RJ Barrett and Zion Williamson of Duke.

The Hawks hold three Round 1 picks. Is that good or bad?

The draft lottery could have gone worse for the Hawks – but not much worse. Had the percentages regarding pingpong balls held, at worst they’d have had the fifth and ninth choices overall. They wound up with Nos. 8 and 10. Their only consolation was that the pick they were owed by Dallas didn’t land in the top five, which would have meant the Mavericks got to keep it. 

There are some drafts where having two top-10 picks is a fine thing. This isn’t one. There’s a clear separation between the three best players – Zion Williamson and RJ Barrett of Duke, Ja Morant of Murray State – and everyone else. This is a bad draft to be holding five picks between No. 8 and No. 42, which is where the Hawks were. Then they did the strangest thing: They went and got another. 

On Thursday, it was reported – the NBA doesn’t allow official confirmation just yet – that the Hawks sent Taurean Prince, a starting wing, to Brooklyn for Allen Crabbe, who has been in the league since 2013, though not so you’d notice, plus the No. 17 pick in this draft and a lottery-protected Round 1 pick in 2020. Having six selections over two rounds might make sense for a team beginning a rebuild, but that’s no longer the Hawks. They’re two years into this, and they have something of nucleus in John Collins, Trae Young and Kevin Huerter. 

Such a team shouldn’t be interested in volume for volume’s sake, and the NBA really isn’t a volume sport. (MLB and pro football are.) The NBA is about high-level talent. Round 2 picks can sometimes pan out – Draymond Green was one – but not often. It’s noteworthy that that the five men who made this season’s All-Rookie team went 1-5 in the 2018 draft. This year’s class is so top-heavy it’s unclear if even the 10th man chosen will become a starter.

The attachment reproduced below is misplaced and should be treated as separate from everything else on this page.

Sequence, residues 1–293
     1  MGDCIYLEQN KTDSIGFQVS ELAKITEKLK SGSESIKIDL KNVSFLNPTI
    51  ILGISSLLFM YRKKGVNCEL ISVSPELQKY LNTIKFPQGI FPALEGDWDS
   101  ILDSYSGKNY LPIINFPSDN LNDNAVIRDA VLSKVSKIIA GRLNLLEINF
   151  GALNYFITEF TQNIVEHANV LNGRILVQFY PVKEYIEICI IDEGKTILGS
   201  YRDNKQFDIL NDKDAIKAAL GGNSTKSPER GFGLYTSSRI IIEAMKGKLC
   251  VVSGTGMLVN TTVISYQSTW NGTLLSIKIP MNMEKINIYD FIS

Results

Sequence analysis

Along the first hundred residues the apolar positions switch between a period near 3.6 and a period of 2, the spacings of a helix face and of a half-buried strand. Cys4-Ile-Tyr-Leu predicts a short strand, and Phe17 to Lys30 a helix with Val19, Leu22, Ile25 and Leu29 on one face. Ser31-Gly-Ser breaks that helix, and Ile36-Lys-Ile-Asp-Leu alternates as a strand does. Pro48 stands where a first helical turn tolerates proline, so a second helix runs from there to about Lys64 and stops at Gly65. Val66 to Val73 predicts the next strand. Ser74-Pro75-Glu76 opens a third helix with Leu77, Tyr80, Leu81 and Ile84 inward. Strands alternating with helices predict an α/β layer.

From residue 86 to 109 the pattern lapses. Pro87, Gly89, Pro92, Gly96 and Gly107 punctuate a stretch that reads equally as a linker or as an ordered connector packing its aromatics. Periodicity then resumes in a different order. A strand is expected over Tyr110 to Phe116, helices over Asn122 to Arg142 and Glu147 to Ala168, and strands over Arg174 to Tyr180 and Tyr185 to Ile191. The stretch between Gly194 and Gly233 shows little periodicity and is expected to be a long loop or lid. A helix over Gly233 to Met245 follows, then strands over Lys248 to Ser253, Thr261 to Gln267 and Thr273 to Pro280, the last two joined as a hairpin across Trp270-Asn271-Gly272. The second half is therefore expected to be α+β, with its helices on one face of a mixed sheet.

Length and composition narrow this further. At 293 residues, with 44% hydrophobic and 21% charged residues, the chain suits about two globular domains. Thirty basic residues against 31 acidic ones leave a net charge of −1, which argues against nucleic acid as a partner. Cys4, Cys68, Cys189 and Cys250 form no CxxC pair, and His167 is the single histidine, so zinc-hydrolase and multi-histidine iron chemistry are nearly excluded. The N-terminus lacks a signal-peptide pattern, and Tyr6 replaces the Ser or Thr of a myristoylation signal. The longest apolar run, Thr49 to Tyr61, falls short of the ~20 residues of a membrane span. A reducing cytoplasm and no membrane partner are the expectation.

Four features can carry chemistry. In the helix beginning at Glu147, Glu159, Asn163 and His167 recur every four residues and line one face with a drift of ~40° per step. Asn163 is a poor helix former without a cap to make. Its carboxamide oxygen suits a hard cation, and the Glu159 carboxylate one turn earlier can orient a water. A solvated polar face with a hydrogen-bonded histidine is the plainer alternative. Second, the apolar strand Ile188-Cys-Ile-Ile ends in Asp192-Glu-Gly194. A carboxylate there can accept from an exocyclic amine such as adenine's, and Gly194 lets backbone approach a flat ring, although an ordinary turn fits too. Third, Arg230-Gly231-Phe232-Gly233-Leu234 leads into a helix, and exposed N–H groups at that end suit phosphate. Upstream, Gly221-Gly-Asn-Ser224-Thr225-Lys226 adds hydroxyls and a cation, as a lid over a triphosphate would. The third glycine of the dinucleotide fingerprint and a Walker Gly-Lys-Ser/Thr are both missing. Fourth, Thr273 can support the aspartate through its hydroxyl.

A check of NBAdraft.net shows the site’s mock Round 1 directing Mfiondu Kabengele of Florida State to the Hawks at No. 10. Kabengele is a good-shooting big man who didn’t start for FSU. (We stipulate that the Seminoles were the nation’s deepest squad.) The No. 8 pick is projected as Cam Reddish of Duke, another tall shooter who got lost in the considerable wake of Zion and Barrett.

The shooting part would suit the Hawks, who have modeled themselves after Golden State, and those two would absolutely add to the talent base. But would either/both make a real difference? And now, having seen the Hawks add an even lower Round 1 pick … well, you’d have to think there’s something afoot. 

General manager Travis Schlenk is on record as saying he didn’t want five rookies on next season’s roster. He made that comment when his team held five draft picks. His team now holds six. When a team stockpiles so many non-prime picks, the obvious thought is that it’s looking to bundle them in an upward trade. Trouble is, after Zion, is there anyone worth such a reach? 

Zion would energize any franchise, but he’s bound for New Orleans. There’s no way the Pelicans would swap their lottery windfall for the Nos. 8, 10 and 17 selections and sell it to the never-ardent NOLA fan base. It’s believed the Knicks, who hold the No. 3 pick and who never seem to know what they’re doing, could have interest in a pick package. But No. 3 is apt to be Barrett, who’s more slasher than shooter. (He’s also a bit of a ball-stopper. Ask Duke fans about the final minute against Michigan State.) Would he fit what the Hawks’ design? 

Say Barrett goes No. 2 instead. That’d leave Morant at No. 3. He’s a point guard. The Hawks already have their point guard. Where’s the gain in that trade-up? And be honest: Is there anyone who stands to be available after No. 3 and before No. 8 – possibilities include De’Andre Hunter of Virginia, Jarrett Culver of Texas Tech and Coby White of North Carolina – who’d qualify as a must-have? 

In the immediate aftermath of a surprisingly sunny Hawks season, it was possible to believe, with some lottery luck, this could be a playoff team in 2020. That the Hawks got unduly unlucky makes such a leap problematic. As it stood, their best draft hope seemed to lie in finding more pieces, as opposed to the right piece. That’s what makes the addition of an even lower first-rounder so puzzling. That said … 

Schlenk’s a bright guy. His reset has gone much faster than anybody expected. I’m sure he has a plan for this draft. I’m not sure what it entails, but maybe that’s just me. See, I’m not such a bright guy.

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About the Author

Mark Bradley
Mark Bradley
Mark Bradley is a sports columnist and blogger for The Atlanta Journal-Constitution. He has been with the AJC since 1984.
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